Spokane Journal of Business

Raising the bar at the YMCA

Citing rising demand for services, nonprofit boosts fundraising goal by 10 percent

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-—Staff photo by Treva Lind
YMCA of the Inland Northwest President and CEO Steve Tammaro says the organization provides community services regardless of recipients' ability to pay.

The YMCA of the Inland Northwest relies on donations to provide community services regardless of a person's ability to pay, and because of increasing need, the nonprofit has raised its fundraising goal this year by nearly 10 percent, its top executive says.

The nonprofit's annual fundraising campaign, called Partners for Youth Community Support, is currently under way and helps pay costs for community assistance, such as scholarships for Camp Reed and a court-appointed teen program that provides work skills and mentoring.

It has a goal to raise $600,000 this year for its Partners programs, up from about $570,000 pledged last year, and $557,000 in 2011. So far, the YMCA has reached about 75 percent of its new goal, says Steve Tammaro, the nonprofit's president and CEO.

The amount it expects to raise still is far from actual costs for its Partners programs, though. Last year, the YMCA provided $1.8 million in financial assistance toward its Partners for Youth programs, and in 2011, its financial assistance totaled nearly $2 million.

"We have a gap, so we have to grow our charitable contributed revenue," Tammaro says. "That needs to go to the front burner. People may think of us as a gym, or a treadmill, or a swimming pool, but they may not see the terrific mission-based work that we do."

With an overall $16 million annual budget, the nonprofit here operates three YMCA facilities that offer fitness, sports, activity, and child care programs.

Two of those centers—the YMCA/YWCA Central Spokane facility, at 930 N. Monroe, and the North Spokane YMCA, at 10727 N. Newport Highway—opened in 2009. The Spokane Valley YMCA, at 2421 N. Discovery Place, opened in 2000. A former downtown YMCA facility located in Riverfront Park closed in 2009 and since has been torn down.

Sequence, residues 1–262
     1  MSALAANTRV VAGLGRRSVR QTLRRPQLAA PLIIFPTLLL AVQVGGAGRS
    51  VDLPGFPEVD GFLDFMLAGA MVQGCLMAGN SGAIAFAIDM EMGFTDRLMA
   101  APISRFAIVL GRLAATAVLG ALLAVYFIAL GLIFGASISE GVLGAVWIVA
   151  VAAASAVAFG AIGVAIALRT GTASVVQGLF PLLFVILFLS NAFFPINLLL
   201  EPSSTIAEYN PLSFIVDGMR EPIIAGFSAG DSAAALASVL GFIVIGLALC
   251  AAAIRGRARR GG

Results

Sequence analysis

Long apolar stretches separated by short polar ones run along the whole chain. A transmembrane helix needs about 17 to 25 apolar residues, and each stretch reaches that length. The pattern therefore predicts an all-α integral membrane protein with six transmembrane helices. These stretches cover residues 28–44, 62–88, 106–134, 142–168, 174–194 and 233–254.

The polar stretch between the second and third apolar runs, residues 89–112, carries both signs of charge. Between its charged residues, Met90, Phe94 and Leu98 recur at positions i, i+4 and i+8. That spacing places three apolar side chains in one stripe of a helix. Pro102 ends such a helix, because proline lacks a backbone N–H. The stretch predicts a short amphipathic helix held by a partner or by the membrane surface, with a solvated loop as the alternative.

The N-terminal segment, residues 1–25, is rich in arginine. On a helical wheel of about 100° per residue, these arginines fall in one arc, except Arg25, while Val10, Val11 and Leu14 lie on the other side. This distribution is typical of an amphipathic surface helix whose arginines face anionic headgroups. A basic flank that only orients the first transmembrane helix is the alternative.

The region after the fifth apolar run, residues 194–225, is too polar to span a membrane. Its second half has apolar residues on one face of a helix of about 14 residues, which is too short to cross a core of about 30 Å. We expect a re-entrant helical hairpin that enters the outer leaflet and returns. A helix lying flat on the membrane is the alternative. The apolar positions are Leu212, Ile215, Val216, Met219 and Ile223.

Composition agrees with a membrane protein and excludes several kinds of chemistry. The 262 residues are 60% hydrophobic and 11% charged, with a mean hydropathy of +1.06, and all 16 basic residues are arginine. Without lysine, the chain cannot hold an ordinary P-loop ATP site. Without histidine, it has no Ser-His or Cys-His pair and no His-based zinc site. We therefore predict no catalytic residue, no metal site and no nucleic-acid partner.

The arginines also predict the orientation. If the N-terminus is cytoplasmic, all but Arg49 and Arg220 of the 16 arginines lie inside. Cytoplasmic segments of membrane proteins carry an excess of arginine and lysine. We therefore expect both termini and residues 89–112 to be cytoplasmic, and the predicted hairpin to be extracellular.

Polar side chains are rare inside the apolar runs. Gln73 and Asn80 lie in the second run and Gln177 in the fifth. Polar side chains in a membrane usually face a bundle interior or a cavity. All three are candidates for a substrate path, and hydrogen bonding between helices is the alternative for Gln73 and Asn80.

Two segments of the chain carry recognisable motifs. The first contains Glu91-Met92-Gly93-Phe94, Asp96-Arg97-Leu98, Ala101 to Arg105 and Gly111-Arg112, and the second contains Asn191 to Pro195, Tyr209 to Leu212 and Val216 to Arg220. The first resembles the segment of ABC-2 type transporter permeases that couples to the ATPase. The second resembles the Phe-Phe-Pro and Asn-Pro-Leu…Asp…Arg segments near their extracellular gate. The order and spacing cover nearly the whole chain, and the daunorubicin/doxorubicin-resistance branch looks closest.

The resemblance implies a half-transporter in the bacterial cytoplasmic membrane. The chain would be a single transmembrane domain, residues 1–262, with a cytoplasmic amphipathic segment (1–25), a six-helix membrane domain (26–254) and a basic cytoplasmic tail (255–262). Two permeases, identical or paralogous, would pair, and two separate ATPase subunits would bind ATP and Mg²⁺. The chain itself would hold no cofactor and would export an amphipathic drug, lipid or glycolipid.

The YMCA completed a capital fundraising campaign in 2010 to pay for the two new structures, raising $36 million to go toward the projects.

YMCA of the Inland Northwest also operates the 555-acre Camp Reed along Fan Lake north of Spokane, 21 school-site child care programs at Spokane-area schools, and a child care center on the Eastern Washington University campus.

Tammaro says the nonprofit grew to about 46,000 individual members in 2009, the year it finished building the two newest centers, up from 13,000 members before they were built.However, membership has declined by about 2,000 since then, which he attributes in part to the economy and in part to the newness of the facilities wearing off. The nonprofit employs about 800 people overall, with just over 100 of those in full-time positions and the majority being part time, including life guards, group-exercise instructors, and camp counselors.

Tammaro started at the helm of the nonprofit here in June 2012, replacing longtime executive Rig Riggins, who became CEO of YMCA of Greater Pittsburgh last year. Prior to coming to Spokane, Tammaro had worked as chief operating officer at the YMCA of Metropolitan Denver.

Although people who use YMCA facilities and programs pay fees for membership and for enrolling in programs, that income covers operating costs only, Tammaro says.

"Membership and program fees are what allow us to operate those," he adds. "Some people believe that by paying membership, a portion goes to our charitable programs, but we have to go out and raise that money in order to provide those programs."

Among the Partners For Youth programs, one called Membership For All is offered to people with a household income of $55,000 or less a year, that allows them to pay membership fees based on a sliding scale.

About 30 percent of the nonprofit's members receive some assistance toward their membership fee costs, Tammaro says. Separately, he says members who can't afford program costs can apply for assistance, such as for a child to receive swim lessons or to be enrolled in summer day camps.